How to nail a winning photograph
Award-winning news photographer Jason South gives his hints on how to take a photo that will make the grade for your local newspaper.
The adage that a picture is worth a thousand words is true. Visuals are processed 60,000 times faster in the brain than text. This is becoming more and more relevant in the digital age – our attention span is lessening and videos and images are becoming the norm for effective communication.
However that doesn’t mean any picture or photograph will do. Photographs need to be engaging, not just a group of people staring back at the lens.
We asked award-winning news photographer Jason South for his suggestions on how to take a photo that will make the grade for your local newspaper.
- Keep it simple. (Not too busy or messy)
- Think about your light. You will get the best results in even light. Be aware of hard shadows across your subject’s face caused by the sun, maybe move inside or under a tree. Sometimes shooting the subject backlit (into the sun).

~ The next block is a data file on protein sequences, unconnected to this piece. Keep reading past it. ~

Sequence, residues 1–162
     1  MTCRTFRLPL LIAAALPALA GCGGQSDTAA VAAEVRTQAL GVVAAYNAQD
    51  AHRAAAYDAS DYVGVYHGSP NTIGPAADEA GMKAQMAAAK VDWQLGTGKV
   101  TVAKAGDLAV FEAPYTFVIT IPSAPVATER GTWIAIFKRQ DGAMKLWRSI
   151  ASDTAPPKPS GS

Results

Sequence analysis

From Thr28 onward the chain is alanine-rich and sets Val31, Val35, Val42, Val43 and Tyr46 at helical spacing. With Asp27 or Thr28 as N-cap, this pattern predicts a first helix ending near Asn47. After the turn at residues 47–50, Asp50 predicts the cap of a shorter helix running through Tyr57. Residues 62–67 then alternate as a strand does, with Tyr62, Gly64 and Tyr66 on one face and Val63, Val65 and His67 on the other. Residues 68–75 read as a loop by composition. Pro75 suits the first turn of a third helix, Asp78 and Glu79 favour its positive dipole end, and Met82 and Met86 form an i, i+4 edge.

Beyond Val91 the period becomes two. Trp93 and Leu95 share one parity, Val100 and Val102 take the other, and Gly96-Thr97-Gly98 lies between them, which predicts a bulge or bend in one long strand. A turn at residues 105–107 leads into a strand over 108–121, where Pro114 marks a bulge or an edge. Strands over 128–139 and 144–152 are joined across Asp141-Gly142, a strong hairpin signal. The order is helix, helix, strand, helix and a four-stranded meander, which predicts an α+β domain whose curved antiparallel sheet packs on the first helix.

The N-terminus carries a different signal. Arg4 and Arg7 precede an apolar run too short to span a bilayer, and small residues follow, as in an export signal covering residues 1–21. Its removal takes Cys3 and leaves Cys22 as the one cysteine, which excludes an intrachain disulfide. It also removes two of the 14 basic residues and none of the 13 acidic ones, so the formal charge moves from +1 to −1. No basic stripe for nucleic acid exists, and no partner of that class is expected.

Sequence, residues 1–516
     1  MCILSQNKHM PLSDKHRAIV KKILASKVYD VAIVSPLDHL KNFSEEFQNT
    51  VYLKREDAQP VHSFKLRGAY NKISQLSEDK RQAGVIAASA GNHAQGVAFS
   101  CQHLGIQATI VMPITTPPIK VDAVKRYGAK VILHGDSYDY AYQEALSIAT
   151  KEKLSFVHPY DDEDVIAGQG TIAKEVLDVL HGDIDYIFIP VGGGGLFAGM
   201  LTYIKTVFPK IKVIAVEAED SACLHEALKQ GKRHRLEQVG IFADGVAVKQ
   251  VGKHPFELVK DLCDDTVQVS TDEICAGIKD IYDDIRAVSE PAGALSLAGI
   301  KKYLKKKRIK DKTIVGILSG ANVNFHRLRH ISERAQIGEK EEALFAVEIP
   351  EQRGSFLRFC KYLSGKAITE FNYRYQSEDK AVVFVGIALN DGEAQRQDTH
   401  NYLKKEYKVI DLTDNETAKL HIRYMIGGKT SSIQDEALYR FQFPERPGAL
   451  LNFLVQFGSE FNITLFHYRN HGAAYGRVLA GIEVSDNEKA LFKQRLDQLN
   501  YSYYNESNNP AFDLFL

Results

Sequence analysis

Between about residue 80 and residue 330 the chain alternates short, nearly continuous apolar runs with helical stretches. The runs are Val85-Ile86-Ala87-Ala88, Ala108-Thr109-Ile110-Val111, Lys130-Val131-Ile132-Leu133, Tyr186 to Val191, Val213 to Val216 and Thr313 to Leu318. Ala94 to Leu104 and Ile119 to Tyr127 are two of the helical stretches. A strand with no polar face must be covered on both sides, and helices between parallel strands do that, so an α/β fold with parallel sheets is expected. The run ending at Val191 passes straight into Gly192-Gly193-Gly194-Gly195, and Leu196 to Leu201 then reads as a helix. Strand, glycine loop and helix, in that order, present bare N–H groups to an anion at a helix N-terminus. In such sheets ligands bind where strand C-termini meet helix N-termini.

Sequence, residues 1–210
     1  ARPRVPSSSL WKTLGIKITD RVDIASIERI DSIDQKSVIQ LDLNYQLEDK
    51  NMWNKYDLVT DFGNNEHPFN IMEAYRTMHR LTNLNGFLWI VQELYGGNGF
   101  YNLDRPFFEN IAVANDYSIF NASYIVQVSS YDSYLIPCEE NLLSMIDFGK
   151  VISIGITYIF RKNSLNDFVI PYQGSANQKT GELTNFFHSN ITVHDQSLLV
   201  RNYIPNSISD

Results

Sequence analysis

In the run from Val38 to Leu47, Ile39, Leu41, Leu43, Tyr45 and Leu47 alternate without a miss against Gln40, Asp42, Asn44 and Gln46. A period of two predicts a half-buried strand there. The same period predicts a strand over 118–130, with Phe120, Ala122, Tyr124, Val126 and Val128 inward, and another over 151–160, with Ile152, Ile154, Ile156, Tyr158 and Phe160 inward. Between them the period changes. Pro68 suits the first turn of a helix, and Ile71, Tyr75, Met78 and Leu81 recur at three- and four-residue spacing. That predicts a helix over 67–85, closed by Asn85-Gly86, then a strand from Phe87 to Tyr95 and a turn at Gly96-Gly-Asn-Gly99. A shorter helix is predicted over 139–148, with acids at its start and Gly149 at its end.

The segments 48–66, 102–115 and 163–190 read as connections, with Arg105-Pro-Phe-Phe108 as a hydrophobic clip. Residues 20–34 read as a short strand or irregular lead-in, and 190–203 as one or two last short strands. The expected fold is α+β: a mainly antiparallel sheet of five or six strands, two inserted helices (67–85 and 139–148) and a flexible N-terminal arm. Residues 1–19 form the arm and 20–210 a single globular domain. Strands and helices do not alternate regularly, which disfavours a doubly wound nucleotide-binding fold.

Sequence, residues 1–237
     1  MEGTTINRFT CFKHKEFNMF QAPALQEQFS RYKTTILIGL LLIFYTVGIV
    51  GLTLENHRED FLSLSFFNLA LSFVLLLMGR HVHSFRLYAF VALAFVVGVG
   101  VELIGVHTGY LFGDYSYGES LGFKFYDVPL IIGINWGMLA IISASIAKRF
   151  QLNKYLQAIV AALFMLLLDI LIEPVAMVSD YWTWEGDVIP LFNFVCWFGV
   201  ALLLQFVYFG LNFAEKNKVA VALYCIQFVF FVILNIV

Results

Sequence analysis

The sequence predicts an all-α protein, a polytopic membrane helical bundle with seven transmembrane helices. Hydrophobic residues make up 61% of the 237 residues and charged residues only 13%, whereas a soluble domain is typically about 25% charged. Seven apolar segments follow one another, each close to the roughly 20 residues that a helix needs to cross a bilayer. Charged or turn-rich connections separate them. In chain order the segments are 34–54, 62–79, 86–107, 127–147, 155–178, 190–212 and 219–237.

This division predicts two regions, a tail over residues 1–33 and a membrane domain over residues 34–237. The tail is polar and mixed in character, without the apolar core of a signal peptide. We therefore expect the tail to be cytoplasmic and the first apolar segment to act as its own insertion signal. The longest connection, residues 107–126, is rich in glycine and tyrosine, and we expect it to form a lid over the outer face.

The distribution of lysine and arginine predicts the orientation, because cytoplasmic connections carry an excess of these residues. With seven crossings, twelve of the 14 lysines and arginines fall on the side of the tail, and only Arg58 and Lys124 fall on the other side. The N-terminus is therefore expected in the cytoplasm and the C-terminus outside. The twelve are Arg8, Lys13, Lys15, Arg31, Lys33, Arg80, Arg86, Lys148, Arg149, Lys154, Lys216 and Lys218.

- Resist the temptation to include every single person involved in the story in the photo. Smaller groups or even single teachers or students doing or holding what the story is about will convey the message better than 25 people.
- Sometimes the picture is more interesting when the subject is not looking at the camera. They can be interacting or engaging with the other person, science project or sports equipment etc.
- If you are shooting a portrait, think backgrounds. Move your subject to a plain (not distracting) background or an area a long way from the background which will isolate your subject and make them standout. Pick areas that don't detract from the subject. For example, power lines or tree branches protruding from the subject’s head.